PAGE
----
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Matlock : Smedley's Hydro & Grounds, 1952, & the Hydro's Closure
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Centenary postcard for Smedley's Hydro
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Smedleys during WW1

Smedley's brochure, 1939

1950 advert, and Ald White's bombshell

Church Organ Recitals given by Harry Douglas, 1906-36

Smedley's Memorial Hydropathic Hospital

Mr. Smedley's Baths, Boxes & Douches

Charles White junior as a teenager in Scarthin

Multi- view postcard of Matlock's largest hydro printed in their centenary year and showing, clockwise from top left, the grounds, bowls, the front (part) and Winter Garden, tennis courts and (centre) general view of the hydro and grounds.

Printed in the message section of the card.

In the Second World War Smedley's was requisitioned and used by the Army, somewhat surprisingly, as a Military School of Intelligence; this seems a strange and rather wasteful choice for a building filled with medical equipment and set up to cater for patient treatments and convalescence. After it was de-requisitioned in 1946 the hydro was able to continue, albeit in a very different world and after a great deal of repair work. "The reopening of Smedleys in the post-war world and under the post-war conditions of 1946 [i.e. rationing and taxes], was a task which might have daunted John Smedley himself. That it was accomplished, and successfully accomplished, is a tribute to everyone concerned[1]". The hydro's managing director, Major Harry Douglas, and his team must have been delighted that they got it back on its feet. Sadly, everything they had worked so hard for was to be taken away.

After several years of uncertainty the hydro's shareholders decided to sell to Derbyshire County Council in April 1954[2] and on 24 May that year a special meeting approved a scheme to transfer the county's administrative headquarters from Derby to Smedley's, with the purchase of the hydro set at an agreed price of £122,800[3]. There was criticism of the County Council for forcing Smedley's into a position where the business had lost money for the preceding four years whilst under the threat of compulsory acquisition[4]. Alderman C. F. White's persistence must have been soul destroying for Harry Douglas, who had a lifetime's commitment to Smedley's, but he would undoubtedly have seen things through if had been able to do so. "He was too ill to attend the last public enquiry in September 1954 and he died without knowing the result, but the strain he suffered during the last eight years unquestionably affected his health"[2].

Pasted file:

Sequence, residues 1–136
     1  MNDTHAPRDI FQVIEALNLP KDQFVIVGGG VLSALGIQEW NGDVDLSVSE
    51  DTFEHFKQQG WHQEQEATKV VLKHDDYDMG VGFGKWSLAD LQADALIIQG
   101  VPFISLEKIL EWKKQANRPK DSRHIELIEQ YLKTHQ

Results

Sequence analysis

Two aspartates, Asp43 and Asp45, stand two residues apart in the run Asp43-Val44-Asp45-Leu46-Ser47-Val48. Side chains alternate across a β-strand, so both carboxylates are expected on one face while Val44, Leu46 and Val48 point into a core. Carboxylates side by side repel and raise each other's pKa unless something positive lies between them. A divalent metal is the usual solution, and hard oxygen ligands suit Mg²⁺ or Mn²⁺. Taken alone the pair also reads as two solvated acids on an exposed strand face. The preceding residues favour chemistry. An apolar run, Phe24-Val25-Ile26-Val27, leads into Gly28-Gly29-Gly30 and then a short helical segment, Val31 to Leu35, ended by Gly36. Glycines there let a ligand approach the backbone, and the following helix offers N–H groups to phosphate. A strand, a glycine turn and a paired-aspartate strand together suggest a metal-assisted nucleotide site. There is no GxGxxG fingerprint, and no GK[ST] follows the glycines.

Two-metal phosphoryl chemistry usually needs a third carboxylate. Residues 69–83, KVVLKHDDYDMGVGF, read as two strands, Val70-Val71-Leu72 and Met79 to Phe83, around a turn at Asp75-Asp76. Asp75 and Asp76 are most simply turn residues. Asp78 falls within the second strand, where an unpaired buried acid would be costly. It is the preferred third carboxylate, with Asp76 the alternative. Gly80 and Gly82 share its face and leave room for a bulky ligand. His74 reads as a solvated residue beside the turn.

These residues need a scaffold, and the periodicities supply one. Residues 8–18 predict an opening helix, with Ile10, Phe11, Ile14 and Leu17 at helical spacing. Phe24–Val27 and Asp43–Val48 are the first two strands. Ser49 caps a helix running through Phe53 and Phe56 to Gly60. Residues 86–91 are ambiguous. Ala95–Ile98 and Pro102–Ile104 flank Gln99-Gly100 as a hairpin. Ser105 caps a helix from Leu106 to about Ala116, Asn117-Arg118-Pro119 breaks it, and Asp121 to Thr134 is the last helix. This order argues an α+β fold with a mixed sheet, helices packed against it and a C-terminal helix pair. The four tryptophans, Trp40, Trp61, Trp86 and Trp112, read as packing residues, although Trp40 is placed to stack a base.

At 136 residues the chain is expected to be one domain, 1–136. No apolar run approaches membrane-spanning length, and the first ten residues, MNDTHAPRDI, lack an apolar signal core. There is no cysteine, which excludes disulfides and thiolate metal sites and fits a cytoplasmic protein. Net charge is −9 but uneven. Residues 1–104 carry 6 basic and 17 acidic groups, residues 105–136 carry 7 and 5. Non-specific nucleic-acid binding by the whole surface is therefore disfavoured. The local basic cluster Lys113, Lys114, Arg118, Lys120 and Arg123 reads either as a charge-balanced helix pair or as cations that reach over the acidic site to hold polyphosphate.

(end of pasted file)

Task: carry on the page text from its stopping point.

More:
See previous page about what led up to the shareholders' decision.

"Mr. Henry", who oversaw Smedley's closure.

In August 1955 both Alderman White, Chairman of Derbyshire County Council, and Mr. E. L. Wilmot, Secretary of the hydro, were reported as saying that there were no new developments in the plan for the take-over. The hydro was to close on 17 September (see closure letter below) and the building was to be adapted and altered for Council use once they owned it.

Nearly 140 permanent residents, mostly elderly people who had lived there since the hydro re-opened after the war, had to find new homes in six weeks. The staff of 100 had to find new jobs[5]. This difficult task was overseen by Henry Douglas, who had worked for his father and had become the hydro's Manager as well as acting for his father as M.D. when Harry was unable to be there[2][6]. He was the fourth generation of the Douglas family to work at Smedley's; Henry Challand, whom Major Douglas had taken over from, was also a relative as he was the brother of Henry's grandmother[7].